How young is too young to 'join church'?

by Mariam Williams

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I recently had a discussion with a Christian friend about discovering the truth for yourself as you begin to question what you've been taught in church and how Scripture is applied. My friend's journey to find the truth began when she acknowledged and accepted that people tend to follow what their families exposed them to as children. Her parents had taken her to church from her preschool years; how likely is it that she would have chosen a different religion on her own? Like many of her peers and mine, she accepted Christ as a child and continued in the faith until she questioned it.

I've often wondered about the validity of children claiming Christ as their personal savior. I was 12 when I did this, and I told a friend in my class at school that I had done so the very next day.

"I joined church yesterday," I said. I don't like the term "join church" now. I think it sounds like people -- and in many cases, children -- enlist or pay dues to join an exclusive organization. In some ways, we do. The Bible says followers of Christ are to put the flesh to death, deny themselves, take up their cross daily, and follow Jesus, and most people don't choose to do any part of that.

My friend at school responded, "That's good, Mariam. Congratulations." And then she shifted her attention right back to the flash cards we were supposed to be studying in our science class.

As I think of it now, it's funny that although she and I attended different churches and worshiped in different denominations, she knew what I meant. I'm not sure if "join church" is common throughout Christianity or just black southern Christianity, but we have codes, ethics, etiquette, and even lingo we use regularly that I'm not sure outsiders would know. I suppose this is another way the church is an exclusive organization.

I found my friend's reaction suspicious. My conversion was supposed to be life-changing, although expected -- I've seen the phrase "joined church at an early age" in countless obituaries printed in the funeral programs of deceased church members -- and she treated it like it was routine. "How old were you when you joined church?" I asked her.

"About 8, I think," she said, not looking up from the flash cards.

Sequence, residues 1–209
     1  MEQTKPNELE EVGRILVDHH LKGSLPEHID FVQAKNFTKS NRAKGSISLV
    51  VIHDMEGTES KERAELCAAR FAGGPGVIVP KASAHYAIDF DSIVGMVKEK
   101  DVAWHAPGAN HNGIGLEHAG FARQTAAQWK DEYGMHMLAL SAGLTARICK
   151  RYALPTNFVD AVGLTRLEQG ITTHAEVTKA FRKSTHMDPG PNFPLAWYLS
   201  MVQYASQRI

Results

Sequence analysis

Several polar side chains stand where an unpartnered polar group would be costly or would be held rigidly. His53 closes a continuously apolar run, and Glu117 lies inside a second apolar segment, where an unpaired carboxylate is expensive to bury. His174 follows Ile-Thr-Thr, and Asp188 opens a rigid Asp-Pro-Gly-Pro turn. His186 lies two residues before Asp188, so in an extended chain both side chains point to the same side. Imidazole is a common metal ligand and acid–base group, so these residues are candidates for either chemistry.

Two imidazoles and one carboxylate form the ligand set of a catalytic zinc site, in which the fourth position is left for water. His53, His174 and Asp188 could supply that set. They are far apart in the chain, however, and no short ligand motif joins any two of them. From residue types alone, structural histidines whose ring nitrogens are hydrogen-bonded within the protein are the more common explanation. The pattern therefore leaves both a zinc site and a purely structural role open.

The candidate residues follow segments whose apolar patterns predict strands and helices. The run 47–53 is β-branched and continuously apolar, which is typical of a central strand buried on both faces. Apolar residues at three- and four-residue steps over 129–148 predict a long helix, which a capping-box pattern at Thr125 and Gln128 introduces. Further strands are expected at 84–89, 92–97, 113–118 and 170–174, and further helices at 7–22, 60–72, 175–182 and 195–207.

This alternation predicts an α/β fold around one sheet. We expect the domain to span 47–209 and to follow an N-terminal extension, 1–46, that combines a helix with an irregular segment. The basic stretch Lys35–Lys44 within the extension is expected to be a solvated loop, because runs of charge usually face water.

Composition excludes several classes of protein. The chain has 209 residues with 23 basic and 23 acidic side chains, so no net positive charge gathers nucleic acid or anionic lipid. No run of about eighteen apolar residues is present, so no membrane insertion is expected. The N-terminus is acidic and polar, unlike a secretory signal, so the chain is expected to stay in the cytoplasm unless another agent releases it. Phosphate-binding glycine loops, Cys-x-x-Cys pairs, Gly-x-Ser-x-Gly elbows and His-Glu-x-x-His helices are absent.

Even at age 12 and newly converted, 8 seemed too young to me. To this day, I flinch when I see 12-, 8-, even 6-year-olds donned in white robes being dunked back-first into a baptismal pool. "How can they process this commitment?" I wonder. "What do they possibly know about what they're getting into?"

I have found that as people who have been "raised in the church" grow up, rarely are we asked to process belief. All Christians should, as 1 Peter 3:15 says, be able to explain why they believe as they do. "Come let us reason together," Isaiah 1:18 says, but we are rarely encouraged to reason. Writing down your conversion experience in preparation for proselytizing is not the same as examining the Apostles' Creed and asking oneself, "Do I really believe this, or did I just memorize it? Do I go to church to celebrate the Lord and to learn how to apply his word to every facet of my life, or do I just enjoy the traditions or the emotional highs of the weekly experience?"

When she was around 16, my present-day friend took what I see as an unusual step: She sampled other religions and ultimately returned to Christianity. Most people I know who have doubts repress them, and most of those who follow my friend's lead and examine other faiths don't return to Christianity. They usually find the doctrine too rigid, the Bible too contradictory or exclusive and Christians too hypocritical. Or they're more interested in Christianity's history (i.e., Constantine making it the official religion of the Roman Empire) than they are in its message of Jesus and salvation.

If I ever have children, I'm not sure I would do anything different from what my family did in raising me and what every family I know does, even the secular ones, which is to expose the children to the family's traditions and beliefs and help them shape their own beliefs accordingly. And when those children have questions, I am happy for people who reach either my present-day friend's outcome or the more common one, because it is good to see people confront their doubts and fears and to find peace in their belief. It's good to see people grow up, to be mature in their faith, and to know the truth -- wherever they find it.

[Mariam Williams is a writer born and raised in Louisville, Ky., where she's received numerous arts awards. When not working in the field of social justice research and taking graduate courses in women and gender and Pan-African studies, she blogs at Follow her on Twitter: @missmariamw.]

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